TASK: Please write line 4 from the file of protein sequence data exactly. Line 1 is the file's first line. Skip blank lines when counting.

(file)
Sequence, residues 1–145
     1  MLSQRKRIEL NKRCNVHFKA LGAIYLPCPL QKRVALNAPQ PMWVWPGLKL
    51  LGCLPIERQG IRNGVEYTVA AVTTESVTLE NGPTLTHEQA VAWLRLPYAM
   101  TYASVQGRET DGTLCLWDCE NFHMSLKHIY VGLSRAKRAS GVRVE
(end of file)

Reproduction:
   101  TYASVQGRET DGTLCLWDCE NFHMSLKHIY VGLSRAKRAS GVRVE